Private Sector should take a lead role in the fight against diseases

Rwanda, over the weekend, hosted a high-level ‘Private Sector’ summit, jointly organized by Friends of the Global Fund Africa and the Government of Rwanda, to mobilize the private sector in the war against three top killer diseases; HIV/Aids, Tuberculosis and Malaria.

Rwanda, over the weekend, hosted a high-level ‘Private Sector’ summit, jointly organized by Friends of the Global Fund Africa and the Government of Rwanda, to mobilize the private sector in the war against three top killer diseases; HIV/Aids, Tuberculosis and Malaria.

The organisers managed to raise US$3 million from both the Government of Rwanda (US$1m) and business entities from across the continent, which will be donated to the Global Fund (GF) through the ‘Gift from Africa’ initiative.

Rwanda became the fourth African nation to contribute towards to the GF, a global basked fund, dedicated to the fight against the three killer diseases.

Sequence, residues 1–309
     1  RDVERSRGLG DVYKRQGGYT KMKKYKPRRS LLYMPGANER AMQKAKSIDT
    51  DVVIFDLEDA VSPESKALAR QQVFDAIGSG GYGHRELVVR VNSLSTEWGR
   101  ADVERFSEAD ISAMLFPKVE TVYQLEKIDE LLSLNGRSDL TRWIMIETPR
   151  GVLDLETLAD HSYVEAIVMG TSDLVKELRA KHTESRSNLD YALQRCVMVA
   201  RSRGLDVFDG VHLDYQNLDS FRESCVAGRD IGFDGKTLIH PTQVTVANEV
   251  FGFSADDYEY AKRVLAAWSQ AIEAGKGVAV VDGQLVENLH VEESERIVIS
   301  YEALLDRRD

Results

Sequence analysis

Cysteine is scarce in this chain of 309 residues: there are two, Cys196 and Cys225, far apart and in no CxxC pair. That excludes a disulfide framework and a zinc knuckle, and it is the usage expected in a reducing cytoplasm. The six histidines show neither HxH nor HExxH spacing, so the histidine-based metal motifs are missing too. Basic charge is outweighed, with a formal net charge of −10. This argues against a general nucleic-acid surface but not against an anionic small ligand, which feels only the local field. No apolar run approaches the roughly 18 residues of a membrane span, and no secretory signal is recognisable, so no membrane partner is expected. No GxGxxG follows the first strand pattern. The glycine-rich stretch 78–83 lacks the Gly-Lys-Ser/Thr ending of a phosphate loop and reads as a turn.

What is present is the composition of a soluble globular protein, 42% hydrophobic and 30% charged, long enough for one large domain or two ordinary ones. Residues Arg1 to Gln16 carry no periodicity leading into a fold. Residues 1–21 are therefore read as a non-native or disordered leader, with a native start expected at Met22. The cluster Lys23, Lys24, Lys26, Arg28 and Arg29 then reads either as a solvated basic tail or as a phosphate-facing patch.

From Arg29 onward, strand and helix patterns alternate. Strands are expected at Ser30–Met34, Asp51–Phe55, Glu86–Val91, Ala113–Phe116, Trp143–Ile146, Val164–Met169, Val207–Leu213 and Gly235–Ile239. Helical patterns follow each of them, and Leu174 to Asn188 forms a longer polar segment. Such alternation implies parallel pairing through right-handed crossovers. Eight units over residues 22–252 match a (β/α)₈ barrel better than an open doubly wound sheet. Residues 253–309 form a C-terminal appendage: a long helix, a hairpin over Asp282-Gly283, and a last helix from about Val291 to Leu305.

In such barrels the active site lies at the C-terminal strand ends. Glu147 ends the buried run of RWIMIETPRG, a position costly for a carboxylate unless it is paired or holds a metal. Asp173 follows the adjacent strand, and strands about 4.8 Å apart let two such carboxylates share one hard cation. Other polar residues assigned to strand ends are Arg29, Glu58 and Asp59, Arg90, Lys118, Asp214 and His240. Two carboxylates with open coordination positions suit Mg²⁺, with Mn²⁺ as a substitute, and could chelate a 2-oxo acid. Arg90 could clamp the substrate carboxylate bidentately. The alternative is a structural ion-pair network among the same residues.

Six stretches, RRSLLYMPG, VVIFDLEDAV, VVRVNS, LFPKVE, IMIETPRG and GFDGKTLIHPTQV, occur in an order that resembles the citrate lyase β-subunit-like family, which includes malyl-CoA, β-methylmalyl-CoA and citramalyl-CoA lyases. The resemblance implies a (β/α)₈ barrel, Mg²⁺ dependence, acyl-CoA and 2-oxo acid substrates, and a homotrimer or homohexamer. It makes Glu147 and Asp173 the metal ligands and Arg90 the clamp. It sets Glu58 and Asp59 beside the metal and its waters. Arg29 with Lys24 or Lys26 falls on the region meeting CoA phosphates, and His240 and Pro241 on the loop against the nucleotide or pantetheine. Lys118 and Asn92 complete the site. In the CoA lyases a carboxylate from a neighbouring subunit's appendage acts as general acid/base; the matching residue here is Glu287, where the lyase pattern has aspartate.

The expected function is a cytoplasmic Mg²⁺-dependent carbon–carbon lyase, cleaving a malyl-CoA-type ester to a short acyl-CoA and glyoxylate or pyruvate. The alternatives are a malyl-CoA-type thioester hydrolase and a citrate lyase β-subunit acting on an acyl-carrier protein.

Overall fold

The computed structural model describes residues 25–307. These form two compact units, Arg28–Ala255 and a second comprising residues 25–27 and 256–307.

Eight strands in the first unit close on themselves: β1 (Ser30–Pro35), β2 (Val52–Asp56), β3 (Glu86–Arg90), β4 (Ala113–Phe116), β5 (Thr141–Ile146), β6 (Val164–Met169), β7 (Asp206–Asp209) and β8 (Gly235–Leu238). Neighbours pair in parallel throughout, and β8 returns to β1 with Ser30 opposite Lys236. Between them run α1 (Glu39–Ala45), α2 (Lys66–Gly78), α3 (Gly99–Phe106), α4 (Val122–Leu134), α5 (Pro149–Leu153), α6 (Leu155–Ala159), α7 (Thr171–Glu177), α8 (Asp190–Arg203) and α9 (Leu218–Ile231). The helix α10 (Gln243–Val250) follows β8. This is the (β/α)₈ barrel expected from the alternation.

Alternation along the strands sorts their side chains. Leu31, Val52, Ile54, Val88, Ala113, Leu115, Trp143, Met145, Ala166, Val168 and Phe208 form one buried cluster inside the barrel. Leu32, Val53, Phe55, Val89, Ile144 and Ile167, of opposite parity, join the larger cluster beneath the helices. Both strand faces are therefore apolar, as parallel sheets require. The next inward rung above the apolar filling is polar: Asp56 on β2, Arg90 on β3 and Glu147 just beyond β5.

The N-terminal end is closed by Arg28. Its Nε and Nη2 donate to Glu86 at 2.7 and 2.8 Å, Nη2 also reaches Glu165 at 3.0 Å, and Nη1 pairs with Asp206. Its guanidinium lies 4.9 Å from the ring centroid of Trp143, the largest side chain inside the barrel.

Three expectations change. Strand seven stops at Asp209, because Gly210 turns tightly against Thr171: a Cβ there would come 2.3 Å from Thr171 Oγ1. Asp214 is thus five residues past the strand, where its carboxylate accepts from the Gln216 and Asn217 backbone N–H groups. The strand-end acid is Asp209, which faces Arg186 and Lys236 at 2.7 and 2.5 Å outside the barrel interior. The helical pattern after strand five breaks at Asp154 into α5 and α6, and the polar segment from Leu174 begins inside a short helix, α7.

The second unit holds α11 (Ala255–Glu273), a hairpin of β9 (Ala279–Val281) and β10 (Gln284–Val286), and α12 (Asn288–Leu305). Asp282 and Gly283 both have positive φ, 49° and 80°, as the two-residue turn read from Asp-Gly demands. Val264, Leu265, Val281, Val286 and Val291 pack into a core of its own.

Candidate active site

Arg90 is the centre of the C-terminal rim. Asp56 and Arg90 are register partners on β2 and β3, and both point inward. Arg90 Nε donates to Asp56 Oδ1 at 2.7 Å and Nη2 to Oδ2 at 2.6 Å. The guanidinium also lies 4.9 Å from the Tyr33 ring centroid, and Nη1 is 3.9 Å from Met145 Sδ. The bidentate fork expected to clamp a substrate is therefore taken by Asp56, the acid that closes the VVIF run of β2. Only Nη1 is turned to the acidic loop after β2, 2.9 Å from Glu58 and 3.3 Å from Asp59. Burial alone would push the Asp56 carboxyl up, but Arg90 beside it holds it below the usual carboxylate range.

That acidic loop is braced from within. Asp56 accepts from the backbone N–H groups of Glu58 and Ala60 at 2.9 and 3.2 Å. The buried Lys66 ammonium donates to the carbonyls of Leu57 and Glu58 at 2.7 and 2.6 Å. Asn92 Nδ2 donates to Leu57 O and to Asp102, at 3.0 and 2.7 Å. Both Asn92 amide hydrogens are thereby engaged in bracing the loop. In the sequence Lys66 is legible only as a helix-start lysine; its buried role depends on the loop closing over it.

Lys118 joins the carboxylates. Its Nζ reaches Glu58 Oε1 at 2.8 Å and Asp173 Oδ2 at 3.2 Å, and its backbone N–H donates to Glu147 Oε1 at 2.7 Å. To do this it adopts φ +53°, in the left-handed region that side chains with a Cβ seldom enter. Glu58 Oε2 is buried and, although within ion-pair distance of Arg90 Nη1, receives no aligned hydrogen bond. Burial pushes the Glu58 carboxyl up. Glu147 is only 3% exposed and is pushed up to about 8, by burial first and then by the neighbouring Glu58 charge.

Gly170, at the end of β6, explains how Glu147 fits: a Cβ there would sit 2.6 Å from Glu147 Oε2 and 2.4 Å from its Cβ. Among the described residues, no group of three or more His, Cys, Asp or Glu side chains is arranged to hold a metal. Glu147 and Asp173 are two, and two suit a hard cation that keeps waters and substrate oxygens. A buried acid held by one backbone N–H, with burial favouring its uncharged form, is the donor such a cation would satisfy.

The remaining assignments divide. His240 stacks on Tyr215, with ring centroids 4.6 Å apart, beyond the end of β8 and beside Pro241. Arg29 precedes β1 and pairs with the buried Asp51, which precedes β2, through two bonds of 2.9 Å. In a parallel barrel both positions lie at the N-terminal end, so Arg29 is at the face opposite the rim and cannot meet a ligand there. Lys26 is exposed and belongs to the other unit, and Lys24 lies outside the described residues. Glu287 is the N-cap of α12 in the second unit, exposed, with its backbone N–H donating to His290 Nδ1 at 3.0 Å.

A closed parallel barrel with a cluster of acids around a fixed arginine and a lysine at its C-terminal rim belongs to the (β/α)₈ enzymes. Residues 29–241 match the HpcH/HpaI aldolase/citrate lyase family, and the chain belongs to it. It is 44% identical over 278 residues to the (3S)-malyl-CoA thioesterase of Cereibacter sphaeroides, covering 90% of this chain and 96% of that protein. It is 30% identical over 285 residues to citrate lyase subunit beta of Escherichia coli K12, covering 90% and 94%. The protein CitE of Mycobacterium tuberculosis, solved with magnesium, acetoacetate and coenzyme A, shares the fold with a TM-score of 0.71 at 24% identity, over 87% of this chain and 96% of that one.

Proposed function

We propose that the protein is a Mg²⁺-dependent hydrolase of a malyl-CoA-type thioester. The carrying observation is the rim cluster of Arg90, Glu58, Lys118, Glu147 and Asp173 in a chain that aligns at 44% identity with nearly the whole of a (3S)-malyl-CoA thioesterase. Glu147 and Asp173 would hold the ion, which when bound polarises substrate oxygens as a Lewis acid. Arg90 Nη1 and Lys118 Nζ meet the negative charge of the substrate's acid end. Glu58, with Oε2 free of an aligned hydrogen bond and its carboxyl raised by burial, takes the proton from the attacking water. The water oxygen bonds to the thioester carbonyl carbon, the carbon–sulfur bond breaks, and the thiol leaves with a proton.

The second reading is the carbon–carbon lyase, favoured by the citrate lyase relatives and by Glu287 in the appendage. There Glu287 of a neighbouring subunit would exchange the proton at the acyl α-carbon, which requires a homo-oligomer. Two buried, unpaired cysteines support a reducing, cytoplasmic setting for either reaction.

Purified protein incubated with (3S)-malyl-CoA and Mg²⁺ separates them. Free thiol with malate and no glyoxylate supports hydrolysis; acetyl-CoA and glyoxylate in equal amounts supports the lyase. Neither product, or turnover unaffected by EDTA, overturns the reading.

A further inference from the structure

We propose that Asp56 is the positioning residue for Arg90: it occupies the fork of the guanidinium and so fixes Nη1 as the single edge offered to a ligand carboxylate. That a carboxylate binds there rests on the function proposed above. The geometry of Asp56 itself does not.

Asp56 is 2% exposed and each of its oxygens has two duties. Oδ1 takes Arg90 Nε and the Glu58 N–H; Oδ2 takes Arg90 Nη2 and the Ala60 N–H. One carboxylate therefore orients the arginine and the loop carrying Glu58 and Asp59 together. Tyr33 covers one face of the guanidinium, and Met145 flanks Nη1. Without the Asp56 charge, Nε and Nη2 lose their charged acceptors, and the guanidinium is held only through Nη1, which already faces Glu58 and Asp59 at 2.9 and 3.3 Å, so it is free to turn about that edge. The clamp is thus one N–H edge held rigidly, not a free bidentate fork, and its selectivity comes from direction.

During the summit, speakers called on the private sector to actively take part in the fight against the diseases, which continue to claim millions of lives across the globe.

For the past few years, few national corporate companies have joined the war on HIV/Aids. However, their intervention has largely focused on giving support to their own staff living with HIV/Aids. Their involvement with activities aimed at containing the disease in the wider community has been minimal, leaving the main responsibility to the Government and some NGOs.

In view of this, the Kigali meeting should galvanize, not only our own private sector but also their counterparts on the continent, to make investments in the health of people a top priority.

Companies depend on clients and healthy workforce and should, therefore, be committed to investing in initiatives that promote a healthy and working population.

The three diseases constitute a major threat to our workforce, as well as the general purchasing power, thus, companies should consider their intervention as business strategy, and not charity.

Meanwhile, the companies that contributed during the Kigali fundraising, deserve commendation.

Credit goes to the men and women behind the ‘Gift from Africa’ initiative. The initiative demonstrates that, after all, Africans are not just on the receiving end; that we are as concerned as anyone else with the health of the world citizens.

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